I do have a more general interest in global health disparities. The globe is becoming a more and more connected place, and what is appearing in one setting affects other parts of the world. In Canada, we have immigrants from across the world. As nurses, it is important that we understand not only their health conditions but also recognize what shapes them. We have the power to expand our intervention beyond our communities/countries, but also to learn best practices from others across the globe. As a health proficiency, there is an interest in looking at health in terms of global health. As a nurse, I am interested in how we can best educate enough nurses to take on the work that needs to be done to promote health equity around the globe.

Sorcha: Your main research is on intergenerational health impacts of genocide. Could you share a bit more about that research?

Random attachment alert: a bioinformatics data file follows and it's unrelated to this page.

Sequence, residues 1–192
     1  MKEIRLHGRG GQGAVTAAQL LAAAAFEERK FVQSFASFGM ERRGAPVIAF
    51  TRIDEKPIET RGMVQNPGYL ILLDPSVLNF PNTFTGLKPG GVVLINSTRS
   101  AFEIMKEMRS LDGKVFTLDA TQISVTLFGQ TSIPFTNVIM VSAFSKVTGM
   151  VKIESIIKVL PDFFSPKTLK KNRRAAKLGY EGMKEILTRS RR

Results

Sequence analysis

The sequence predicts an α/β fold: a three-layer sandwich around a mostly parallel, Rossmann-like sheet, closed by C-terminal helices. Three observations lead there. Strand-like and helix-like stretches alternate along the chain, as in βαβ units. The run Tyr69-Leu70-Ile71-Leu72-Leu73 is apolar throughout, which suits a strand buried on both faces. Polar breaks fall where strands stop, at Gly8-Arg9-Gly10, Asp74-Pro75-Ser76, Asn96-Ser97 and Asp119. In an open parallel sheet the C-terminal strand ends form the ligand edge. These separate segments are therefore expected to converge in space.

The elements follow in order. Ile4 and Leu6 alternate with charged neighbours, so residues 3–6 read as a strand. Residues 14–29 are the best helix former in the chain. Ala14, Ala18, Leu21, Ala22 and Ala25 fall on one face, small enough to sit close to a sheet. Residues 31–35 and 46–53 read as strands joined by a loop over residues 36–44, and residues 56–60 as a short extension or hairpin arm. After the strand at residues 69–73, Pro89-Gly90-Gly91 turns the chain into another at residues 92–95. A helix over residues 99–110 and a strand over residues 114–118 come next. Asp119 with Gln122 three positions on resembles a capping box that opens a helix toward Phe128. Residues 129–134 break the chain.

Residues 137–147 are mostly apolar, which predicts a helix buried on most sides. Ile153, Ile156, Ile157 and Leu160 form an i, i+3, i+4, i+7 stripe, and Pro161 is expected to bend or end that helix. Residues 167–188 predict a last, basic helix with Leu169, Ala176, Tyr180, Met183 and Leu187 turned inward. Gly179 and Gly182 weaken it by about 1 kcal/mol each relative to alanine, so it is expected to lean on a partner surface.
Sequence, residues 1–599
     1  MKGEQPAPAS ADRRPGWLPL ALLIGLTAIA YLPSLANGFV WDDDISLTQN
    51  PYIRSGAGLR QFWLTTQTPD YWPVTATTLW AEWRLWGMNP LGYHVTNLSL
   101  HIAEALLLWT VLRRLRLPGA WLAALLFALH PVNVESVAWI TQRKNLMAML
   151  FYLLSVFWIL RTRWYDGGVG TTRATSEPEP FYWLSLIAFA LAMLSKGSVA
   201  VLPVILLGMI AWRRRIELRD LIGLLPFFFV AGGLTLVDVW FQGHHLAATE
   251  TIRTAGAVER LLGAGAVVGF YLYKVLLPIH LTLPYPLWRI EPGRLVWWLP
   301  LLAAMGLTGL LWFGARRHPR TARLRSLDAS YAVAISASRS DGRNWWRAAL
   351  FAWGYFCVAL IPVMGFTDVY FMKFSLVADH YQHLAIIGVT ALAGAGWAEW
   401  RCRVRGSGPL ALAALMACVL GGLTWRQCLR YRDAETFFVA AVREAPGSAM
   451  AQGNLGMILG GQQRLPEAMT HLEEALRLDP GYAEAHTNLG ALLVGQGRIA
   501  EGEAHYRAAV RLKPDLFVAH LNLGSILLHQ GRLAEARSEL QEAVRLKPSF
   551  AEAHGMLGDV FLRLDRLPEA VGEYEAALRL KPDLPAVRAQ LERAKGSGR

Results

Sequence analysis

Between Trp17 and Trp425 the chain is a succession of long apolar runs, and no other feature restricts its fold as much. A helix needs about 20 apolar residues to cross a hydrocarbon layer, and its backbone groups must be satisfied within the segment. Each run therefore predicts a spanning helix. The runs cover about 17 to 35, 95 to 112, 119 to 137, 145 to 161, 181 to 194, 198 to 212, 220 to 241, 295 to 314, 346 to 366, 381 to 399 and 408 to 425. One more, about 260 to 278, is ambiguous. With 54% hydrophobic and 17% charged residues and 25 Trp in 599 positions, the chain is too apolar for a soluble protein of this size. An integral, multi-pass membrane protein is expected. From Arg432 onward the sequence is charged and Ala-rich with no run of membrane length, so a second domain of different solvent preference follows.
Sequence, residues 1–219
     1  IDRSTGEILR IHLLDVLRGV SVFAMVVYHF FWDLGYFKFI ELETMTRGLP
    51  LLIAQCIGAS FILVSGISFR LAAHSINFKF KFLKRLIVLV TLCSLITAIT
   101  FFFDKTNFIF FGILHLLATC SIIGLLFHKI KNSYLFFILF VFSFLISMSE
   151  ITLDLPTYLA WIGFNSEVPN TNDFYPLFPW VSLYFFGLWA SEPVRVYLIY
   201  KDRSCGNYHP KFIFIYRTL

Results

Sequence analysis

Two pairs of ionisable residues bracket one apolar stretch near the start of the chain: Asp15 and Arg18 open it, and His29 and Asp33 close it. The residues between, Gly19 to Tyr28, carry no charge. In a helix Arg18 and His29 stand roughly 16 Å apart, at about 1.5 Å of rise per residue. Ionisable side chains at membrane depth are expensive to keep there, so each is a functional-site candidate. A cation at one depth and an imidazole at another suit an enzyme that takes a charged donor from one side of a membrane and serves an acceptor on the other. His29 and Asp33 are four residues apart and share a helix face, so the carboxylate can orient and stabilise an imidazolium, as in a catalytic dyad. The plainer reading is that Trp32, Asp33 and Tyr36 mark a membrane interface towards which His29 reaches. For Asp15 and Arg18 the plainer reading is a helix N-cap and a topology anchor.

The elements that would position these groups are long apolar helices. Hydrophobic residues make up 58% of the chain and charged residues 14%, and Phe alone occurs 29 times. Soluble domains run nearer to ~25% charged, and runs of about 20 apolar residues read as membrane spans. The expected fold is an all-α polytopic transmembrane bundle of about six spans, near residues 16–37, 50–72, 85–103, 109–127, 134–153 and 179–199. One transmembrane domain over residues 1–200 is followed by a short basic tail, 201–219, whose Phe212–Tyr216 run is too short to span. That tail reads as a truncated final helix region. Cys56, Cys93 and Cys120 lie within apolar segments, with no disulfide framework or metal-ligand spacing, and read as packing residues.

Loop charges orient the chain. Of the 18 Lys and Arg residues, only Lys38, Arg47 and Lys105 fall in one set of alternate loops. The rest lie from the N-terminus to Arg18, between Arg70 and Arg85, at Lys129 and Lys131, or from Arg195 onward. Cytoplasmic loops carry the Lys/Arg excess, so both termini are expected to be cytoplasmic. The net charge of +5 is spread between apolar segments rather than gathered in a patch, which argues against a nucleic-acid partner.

My research focuses on the impacts of prenatal exposure to the genocide against the Tutsi. I focus on young adults that were conceived in the period of the genocide against the Tutsi. There are in three groups; 1) individuals born of genocidal rape (prenatally exposed to genocide and genocidal rape); 2) individuals born of genocide survivors not raped. The final group- control group is individuals born of Rwandan women with neither exposure who left Rwanda before the genocide and returned afterwards. I collected a range of adult mental and physical health outcomes using surveys, including Adverse Childhood Experiences International Questionnaire (ACE-IQ) and other instruments to measure adult mental and physical health characteristics. Whole dried blood spots (DBS) were also collected for DNA methylation (DNAm) analysis to evaluate the relationships between prenatal exposure to genocide and measured health outcomes